Stay strong,

        NRS

    • #11
      I am 16 years old living in Wyoming. I am on probation, and my parents have stated they never want to live with me again. They sent me to the youth home within the state and I was wondering if this would affect if I can file for emancipation. I want to leave and get away from the toxic environment. I have a job as a lifeguard that pays well. I was just curious if the probation and youth home would prevent me from receiving emancipation.

      Comment


      • ccsmod5
        ccsmod5 commented
        Editing a comment
        Hi there,

        Thanks for reaching out, we hope to help as best we can. It sounds like you are interested in emancipation. We are not legal experts, but we can help you get a general sense of how emancipation works. Our general understanding is some states offer formal emancipation statutes while others do not unfortunately. Laws vary depending on your location, but in many states a minor can petition the court for emancipation to take responsibility for their own care before they turn 18. Generally speaking, courts are wary about granting emancipation. In most cases, you would have to prove in court that you have an income and can care for yourself financially, and that you are able to live separately from your parents. It also helps to be in good standing at school. The court will also factor in the mental and physical welfare of your parents in order to establish your best interest. Usually your legal guardian would have to agree to this in court. Due to the specifics of you situation, the requirements might change a bit. Once you are emancipated, you can legally choose where you live, but you might still find that you cannot sign a lease or build credit until you turn 18. The emancipation process can take several months or up to a year, and may cost money in the form of court fees and other expenses. Usually, the best way to learn about emancipation in your state is to contact a lawyer. You may also find information at your county family court. We can look up legal aid resources that may be able to help you with the process. Please do not hesitate to call or chat if you have questions, need legal resources, or need to talk. We can explore your situation, go over all your options, and come up with a plan and resources to deal with your situation over the phone or on live chat. We are looking forward to hearing from you soon, and wish you the best of luck.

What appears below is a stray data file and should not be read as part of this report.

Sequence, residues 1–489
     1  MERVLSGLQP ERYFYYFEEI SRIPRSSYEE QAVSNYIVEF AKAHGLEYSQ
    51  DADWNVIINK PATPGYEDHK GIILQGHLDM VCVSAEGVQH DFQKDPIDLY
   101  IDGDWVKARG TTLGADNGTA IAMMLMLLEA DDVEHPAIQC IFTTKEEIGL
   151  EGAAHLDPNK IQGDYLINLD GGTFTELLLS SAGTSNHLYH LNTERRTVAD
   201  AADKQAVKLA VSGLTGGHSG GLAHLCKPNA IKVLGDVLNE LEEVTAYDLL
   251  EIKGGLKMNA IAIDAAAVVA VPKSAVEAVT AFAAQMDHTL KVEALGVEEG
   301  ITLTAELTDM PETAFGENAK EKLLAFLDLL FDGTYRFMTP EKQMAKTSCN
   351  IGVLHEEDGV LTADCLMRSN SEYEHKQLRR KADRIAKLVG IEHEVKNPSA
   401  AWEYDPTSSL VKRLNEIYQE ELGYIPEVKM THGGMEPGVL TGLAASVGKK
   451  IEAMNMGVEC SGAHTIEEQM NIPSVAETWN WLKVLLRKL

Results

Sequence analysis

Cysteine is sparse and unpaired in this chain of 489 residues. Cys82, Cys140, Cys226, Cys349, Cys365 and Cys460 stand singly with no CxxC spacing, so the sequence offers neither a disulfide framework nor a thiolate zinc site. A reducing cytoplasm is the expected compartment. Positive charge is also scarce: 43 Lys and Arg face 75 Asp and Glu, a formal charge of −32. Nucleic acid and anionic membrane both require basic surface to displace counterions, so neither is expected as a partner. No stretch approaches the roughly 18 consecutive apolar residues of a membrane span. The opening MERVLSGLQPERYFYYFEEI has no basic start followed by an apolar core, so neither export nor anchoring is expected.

Stay safe,
        NRS

    • #12
      Hey there, I am asking some questions for someone who is 16 who lives in Wyoming. It's easier for me to find this information online than for her due to her restricted internet access. Her parents are mentally abusive, not physical at all, they call her names and say she's a mistake, ect. but they also put down harsh rules and punishments that almost seem like neglect, like forcing her to stay in the house and not go out by herself except on rare occasions, causing her to get depressed and such when she can't go out. She has a drivers license but they pay for her car and they often take it away from her. If a parent does not hardly let their teen go out by herself is that neglect? This question I think I know the answer to but am not sure. She wants to stay with a friend who is 18 this coming year in high school which is her junior year to get away from her crazy parents, but her parents probably won't agree to it, so if she does try to stay with her, is that a thing where her friend could be charged with harboring a runaway and the cops would make her go back home, even if it was just for like one night here and there? The last thing is that her dad is fed up with her and wants to send her to military school for the remainder of high school possibly, but she hates that idea and would refuse to go, if she refuses to go would the police come at her parents request and make her go? Once her parents threatened to leave her at family services in South Carolina because they were fed up with her even though she doesn't live there, is that legal? I also know she could consider emancipation... what is the best thing to do in her situation? I know its alot of stuff haha I appreciate anyone who has the time to answer, Thanks.